Q: Do Subchapter S corporations, partnerships, and limited liability companies all issue a Schedule K-1?
A: Yes. All three “pass through” entities use the Schedule K-1 to report the pro rata share of taxable earnings and IRS-authorized deductions for the receiving owner, partner, or member for inclusion in their personal tax return. The amount of cash distributions and other factors affecting the owner’s basis are also reported.
Q: What’s the difference between a partner and a general partner?
A: The term “partner” is used to describe all owners of a partnership. The scope of this all-encompassing generic term references both general partners and limited partners.
Q: Under what circumstances, or specific loan scenarios, should the collateral valuation be considered?
A: The lender should always consider collateral value when making a new loan. Obtaining an appraisal is a critical part of the due diligence associated with analyzing the income-producing property as the lender’s third source of repayment. The estimated market value and other content of a professionally prepared appraisal is an essential part of evaluating collateral.
A prudent lender should also consider collateral value if market conditions change significantly during the life of the loan or when a borrower’s ability to repay the loan is in serious jeopardy. It is critical to update an appraisal and re-consider collateral value in the face of imminent foreclosure and liquidation of the collateral to anticipate the amount of potential loss in such a sale.
Q: Why would a business owner or manager manipulate the depreciation expense as we saw for Sequoia Properties? How does that favor them? Why would it favor the company to under-report expense and consequently over-report profits?
A: Intentionally underreporting depreciation or any operating expense /production cost is generally considered to be an act of fraud. By understating expense, a business manager is overstating profit as you observed and might be able to gain some temporary favor from managers, investors, or lenders that use the information in making decisions that affect the business.
It’s important to recall that only a small number of our borrowers intend to defraud us as lenders. It’s therefore critical that we thoroughly investigate financial reporting that seems in error or just doesn’t make sense. This investigation is especially important when the financial statements are not reviewed or audited by the third-party accountant. In using company-prepared statements or an accountant’s compiled statements, we must recall that legitimate errors might be the cause and that the business can and will readily correct honest errors.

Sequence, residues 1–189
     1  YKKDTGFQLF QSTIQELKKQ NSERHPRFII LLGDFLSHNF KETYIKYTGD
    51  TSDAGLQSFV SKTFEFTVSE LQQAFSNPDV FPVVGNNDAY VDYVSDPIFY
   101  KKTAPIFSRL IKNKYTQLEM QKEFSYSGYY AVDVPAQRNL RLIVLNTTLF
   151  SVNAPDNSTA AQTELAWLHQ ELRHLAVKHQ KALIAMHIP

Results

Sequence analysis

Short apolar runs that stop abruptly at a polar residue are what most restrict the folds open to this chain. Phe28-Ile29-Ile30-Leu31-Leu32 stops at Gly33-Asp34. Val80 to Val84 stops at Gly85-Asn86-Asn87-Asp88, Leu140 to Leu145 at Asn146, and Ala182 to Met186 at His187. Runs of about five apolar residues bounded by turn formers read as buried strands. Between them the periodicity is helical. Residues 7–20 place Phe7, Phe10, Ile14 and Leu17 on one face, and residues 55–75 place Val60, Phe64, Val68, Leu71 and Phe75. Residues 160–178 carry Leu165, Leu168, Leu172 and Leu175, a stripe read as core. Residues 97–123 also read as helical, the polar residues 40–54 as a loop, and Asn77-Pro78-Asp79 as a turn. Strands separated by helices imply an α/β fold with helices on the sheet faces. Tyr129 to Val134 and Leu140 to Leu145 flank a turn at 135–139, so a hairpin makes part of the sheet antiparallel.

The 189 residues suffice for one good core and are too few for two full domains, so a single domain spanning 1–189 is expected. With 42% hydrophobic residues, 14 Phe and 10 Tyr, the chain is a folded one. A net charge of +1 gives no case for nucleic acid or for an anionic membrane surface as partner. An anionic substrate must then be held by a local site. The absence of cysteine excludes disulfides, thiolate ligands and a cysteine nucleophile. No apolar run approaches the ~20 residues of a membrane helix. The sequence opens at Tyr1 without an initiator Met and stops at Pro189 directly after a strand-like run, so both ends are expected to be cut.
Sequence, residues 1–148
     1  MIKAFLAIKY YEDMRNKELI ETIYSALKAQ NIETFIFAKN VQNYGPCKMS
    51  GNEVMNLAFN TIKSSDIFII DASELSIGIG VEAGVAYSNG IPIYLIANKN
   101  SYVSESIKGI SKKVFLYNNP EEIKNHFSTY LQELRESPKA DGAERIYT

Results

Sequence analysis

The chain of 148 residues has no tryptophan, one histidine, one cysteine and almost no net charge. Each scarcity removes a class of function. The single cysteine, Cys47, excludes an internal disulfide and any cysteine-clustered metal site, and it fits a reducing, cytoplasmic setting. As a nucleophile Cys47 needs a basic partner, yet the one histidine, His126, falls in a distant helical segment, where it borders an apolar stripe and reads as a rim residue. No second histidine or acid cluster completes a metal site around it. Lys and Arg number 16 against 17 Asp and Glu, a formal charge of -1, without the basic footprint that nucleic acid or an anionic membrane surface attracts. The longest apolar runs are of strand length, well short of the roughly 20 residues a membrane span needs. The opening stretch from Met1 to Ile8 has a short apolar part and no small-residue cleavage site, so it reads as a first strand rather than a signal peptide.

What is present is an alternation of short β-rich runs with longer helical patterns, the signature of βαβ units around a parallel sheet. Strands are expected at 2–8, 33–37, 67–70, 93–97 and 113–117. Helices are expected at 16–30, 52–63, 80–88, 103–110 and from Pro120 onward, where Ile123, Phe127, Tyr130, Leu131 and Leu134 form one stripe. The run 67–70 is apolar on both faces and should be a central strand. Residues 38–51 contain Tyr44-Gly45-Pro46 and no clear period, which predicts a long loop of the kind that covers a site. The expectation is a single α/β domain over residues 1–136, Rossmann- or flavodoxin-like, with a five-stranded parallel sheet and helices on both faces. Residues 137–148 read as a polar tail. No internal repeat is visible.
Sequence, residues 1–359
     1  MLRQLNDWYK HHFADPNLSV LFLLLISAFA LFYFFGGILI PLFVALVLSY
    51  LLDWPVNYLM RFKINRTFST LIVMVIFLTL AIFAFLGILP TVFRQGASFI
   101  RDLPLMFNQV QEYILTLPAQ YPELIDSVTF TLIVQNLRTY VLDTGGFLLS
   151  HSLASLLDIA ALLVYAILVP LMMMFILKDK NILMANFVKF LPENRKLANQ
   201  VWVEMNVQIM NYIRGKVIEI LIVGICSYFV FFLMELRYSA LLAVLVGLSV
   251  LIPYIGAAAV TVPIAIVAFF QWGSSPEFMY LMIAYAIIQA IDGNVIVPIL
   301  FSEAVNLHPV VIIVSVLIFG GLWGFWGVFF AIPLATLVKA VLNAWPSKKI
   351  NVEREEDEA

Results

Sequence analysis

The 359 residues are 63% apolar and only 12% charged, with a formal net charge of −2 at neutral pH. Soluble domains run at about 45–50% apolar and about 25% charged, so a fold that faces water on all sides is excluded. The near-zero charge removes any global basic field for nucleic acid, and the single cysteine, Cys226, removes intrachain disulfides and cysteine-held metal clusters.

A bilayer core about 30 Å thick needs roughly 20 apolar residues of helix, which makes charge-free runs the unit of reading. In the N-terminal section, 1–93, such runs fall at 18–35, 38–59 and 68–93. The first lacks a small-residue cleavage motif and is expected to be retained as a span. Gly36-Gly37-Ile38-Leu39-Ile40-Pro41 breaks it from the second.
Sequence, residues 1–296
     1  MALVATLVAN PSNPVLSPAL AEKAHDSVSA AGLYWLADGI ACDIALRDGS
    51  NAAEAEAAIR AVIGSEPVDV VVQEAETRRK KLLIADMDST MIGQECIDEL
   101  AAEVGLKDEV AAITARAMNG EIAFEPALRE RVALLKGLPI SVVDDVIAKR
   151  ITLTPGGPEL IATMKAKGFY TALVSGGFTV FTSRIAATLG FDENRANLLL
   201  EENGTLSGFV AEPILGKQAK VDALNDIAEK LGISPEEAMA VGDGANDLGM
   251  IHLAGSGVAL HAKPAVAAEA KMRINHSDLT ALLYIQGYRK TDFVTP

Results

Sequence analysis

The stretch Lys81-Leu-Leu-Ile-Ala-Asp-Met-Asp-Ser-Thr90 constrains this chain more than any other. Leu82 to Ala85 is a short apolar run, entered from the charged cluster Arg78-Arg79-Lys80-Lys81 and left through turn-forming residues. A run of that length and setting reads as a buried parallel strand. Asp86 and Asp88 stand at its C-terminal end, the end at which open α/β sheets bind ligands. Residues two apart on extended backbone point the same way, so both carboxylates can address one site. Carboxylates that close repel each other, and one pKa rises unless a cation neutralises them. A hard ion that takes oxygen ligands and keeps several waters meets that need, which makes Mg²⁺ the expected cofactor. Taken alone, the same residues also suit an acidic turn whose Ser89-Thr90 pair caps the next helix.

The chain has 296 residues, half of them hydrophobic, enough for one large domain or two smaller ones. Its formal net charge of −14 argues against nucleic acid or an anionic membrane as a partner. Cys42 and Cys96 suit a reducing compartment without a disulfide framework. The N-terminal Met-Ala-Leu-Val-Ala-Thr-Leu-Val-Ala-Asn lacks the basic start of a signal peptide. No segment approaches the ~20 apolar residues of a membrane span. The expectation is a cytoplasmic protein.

Q: What is the nature of the Note Payable presented on the balance sheet for $20,910,939? Does this represent the aggregate of the company?
A: As explained in Note 4 (page10 in the financial statements), this $20,910,939 of debt includes “…long-term debt outstanding from 17 different institutions and lenders…” At year-end 2013 the total also included $4,112,432 of personal loans by Mr. Schumacher converted to equity during 2014.
This amount does not represent the aggregate debt of the company. Sequoia’s aggregate or total debt is described as Total Liabilities and was $28,469,653 at year-end 2014 and $25,091,689 at year-end 2013.
Q: The $3.400,000 loan amount requested roughly equals the Current Maturities - Notes Payable ($1,084,000) and Accounts Payable ($2,367,000). Is this a coincidence?
A: Yes. The proposed loan proceeds are intended to, and if the loan is granted will, fund part of the proposed $5,575,000 apartment complex purchase price. Please note that the combined and coincidental amount due on two of the most pressing current liabilities will not be paid by our loan proceeds since we will pay the loan proceeds directly to the seller.
Course overview: The Credit Write-Up and the CRE Analytical Process